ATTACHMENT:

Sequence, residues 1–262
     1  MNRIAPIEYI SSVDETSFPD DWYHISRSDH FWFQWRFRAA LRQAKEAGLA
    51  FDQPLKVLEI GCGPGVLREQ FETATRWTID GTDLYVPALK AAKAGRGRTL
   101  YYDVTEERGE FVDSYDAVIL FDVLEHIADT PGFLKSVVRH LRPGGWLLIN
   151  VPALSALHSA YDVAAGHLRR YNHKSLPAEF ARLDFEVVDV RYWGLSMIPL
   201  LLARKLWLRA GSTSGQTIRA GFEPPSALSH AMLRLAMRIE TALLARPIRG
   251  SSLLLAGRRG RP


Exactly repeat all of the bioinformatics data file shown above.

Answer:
Sequence, residues 1–262
     1  MNRIAPIEYI SSVDETSFPD DWYHISRSDH FWFQWRFRAA LRQAKEAGLA
    51  FDQPLKVLEI GCGPGVLREQ FETATRWTID GTDLYVPALK AAKAGRGRTL
   101  YYDVTEERGE FVDSYDAVIL FDVLEHIADT PGFLKSVVRH LRPGGWLLIN
   151  VPALSALHSA YDVAAGHLRR YNHKSLPAEF ARLDFEVVDV RYWGLSMIPL
   201  LLARKLWLRA GSTSGQTIRA GFEPPSALSH AMLRLAMRIE TALLARPIRG
   251  SSLLLAGRRG RP